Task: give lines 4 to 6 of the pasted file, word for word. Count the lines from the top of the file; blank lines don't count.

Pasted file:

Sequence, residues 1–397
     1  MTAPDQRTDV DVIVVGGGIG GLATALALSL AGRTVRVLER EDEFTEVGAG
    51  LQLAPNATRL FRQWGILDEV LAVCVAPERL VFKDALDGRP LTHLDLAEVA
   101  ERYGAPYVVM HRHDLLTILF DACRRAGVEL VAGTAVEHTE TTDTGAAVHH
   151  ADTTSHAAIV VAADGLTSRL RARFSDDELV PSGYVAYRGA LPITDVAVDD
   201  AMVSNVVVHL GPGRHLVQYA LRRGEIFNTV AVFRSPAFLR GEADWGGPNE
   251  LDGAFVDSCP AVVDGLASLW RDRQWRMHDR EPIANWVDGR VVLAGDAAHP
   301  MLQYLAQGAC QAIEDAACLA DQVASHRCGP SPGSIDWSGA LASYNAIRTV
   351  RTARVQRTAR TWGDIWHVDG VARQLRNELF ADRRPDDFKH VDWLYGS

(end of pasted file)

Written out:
   101  ERYGAPYVVM HRHDLLTILF DACRRAGVEL VAGTAVEHTE TTDTGAAVHH
   151  ADTTSHAAIV VAADGLTSRL RARFSDDELV PSGYVAYRGA LPITDVAVDD
   201  AMVSNVVVHL GPGRHLVQYA LRRGEIFNTV AVFRSPAFLR GEADWGGPNE